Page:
On the 20th anniversary of the Columbine High School massacre, one of the survivors, Austin Eubanks, described to Fox News how he handled the tragedy which left him wounded and his best friend dead.
"I completely disassociated," Eubanks told Fox News host Neil Cavuto on Saturday. "I've always been able to recall everything that happened that day but it was almost as if I was watching it on television. I wasn't present in my own body."
When the shooting happened, Eubanks said, he was on his way to lunch and talking with friends. "That was when the shooting started. Moments later, a teacher ran through those doors yelling for everybody to get under the tables."
Eubanks was shot twice and afterwards, took medication that led to addiction during his twenties.
"I was prescribed medications for my physical injuries and immediately, I became drawn to those medications because of how they improved the underlying symptoms of emotional pain," he said during his appearance on "Cavuto Live."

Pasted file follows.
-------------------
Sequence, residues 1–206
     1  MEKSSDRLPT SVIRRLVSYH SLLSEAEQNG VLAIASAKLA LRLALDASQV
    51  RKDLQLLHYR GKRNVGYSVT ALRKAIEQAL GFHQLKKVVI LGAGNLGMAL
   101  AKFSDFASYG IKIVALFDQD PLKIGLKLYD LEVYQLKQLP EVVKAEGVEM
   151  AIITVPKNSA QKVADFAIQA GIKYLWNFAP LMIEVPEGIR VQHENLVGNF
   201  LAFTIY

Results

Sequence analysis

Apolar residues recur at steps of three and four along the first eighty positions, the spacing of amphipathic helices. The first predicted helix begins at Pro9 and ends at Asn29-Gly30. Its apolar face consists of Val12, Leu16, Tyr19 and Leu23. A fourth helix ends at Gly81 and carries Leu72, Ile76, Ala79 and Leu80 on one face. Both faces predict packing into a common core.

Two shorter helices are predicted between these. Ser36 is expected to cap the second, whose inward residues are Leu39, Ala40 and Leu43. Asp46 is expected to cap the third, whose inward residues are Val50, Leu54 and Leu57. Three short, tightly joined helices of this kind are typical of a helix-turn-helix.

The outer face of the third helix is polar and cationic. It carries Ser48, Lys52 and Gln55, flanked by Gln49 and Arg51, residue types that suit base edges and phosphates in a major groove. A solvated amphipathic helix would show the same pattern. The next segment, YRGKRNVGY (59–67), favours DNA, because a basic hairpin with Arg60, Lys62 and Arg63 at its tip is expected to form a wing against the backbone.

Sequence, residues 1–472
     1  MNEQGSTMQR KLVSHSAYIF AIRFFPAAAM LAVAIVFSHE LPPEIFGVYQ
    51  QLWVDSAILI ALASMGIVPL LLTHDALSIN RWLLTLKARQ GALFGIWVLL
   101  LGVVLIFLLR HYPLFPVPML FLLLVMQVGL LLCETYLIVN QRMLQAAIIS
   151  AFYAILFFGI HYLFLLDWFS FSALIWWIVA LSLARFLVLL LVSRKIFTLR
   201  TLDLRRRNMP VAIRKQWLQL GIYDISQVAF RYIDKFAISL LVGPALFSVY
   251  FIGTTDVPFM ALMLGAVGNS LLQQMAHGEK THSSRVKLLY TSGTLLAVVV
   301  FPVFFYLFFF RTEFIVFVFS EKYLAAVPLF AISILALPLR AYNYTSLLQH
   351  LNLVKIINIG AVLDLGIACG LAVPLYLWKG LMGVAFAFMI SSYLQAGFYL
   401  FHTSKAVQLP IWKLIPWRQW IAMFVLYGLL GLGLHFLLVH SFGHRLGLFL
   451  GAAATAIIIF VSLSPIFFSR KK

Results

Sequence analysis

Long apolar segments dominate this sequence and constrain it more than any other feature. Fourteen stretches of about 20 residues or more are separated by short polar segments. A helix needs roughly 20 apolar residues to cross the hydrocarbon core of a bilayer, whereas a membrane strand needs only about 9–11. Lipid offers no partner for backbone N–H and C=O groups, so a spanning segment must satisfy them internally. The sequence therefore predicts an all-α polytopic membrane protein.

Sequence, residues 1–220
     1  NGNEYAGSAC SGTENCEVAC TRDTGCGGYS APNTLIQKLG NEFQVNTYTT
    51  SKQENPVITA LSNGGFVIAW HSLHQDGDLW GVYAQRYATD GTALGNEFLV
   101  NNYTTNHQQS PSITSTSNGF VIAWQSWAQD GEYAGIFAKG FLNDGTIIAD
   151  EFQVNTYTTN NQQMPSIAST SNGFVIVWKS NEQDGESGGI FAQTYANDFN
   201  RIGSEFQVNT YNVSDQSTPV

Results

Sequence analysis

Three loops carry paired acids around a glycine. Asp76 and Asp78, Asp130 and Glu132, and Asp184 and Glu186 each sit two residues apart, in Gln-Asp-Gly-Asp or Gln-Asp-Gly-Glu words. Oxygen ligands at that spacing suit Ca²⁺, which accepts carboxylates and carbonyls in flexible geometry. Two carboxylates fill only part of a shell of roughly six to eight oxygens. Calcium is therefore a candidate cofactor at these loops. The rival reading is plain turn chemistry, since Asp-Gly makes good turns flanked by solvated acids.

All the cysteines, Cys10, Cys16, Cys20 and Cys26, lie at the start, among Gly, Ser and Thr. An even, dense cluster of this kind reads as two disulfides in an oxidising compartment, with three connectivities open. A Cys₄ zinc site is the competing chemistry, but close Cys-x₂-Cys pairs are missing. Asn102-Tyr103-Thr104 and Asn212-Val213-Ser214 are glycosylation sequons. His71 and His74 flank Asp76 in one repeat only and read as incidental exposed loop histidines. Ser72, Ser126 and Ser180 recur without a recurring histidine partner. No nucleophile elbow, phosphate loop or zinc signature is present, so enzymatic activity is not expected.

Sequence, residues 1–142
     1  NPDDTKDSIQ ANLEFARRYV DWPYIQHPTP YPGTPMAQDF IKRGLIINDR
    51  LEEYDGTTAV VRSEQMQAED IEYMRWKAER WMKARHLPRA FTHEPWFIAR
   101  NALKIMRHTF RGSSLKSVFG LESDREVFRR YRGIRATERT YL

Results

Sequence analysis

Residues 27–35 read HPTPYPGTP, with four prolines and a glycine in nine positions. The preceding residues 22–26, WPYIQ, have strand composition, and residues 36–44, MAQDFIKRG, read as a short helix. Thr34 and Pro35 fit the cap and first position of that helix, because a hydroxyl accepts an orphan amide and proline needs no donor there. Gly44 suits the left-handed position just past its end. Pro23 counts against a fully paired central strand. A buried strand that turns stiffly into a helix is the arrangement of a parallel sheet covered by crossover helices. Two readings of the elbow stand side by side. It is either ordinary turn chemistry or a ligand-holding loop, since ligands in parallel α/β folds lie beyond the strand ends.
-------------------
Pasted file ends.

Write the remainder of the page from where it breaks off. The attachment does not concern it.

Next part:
He went on to help others resolve emotional pain they felt from undergoing traumas like his. As Cavuto noted, Columbine was just the beginning of a series of mass shootings that would affect American schools over the next two decades.
"I tell people who are struggling, the most crucial piece of recovery is staying connected to other human beings for support because we are so prone to detachment and there is countless adversity that comes with that," he added.
Eubanks' comments came just after an 18-year-old woman, who was "infatuated" with the shooting, threatened violence in the Denver area. By Wednesday, the woman, Sol Pais, had committed suicide and the FBI reported that there was "no longer a threat to the community."
When Cavuto asked Eubanks about Pais, Eubanks described Columbine as an event that captured public attention like the Oklahoma City bombing and 9/11. "Everybody has an emotional attachment to Columbine and I think unfortunately, for those who are mentally deranged or unstable, it's created this fascination."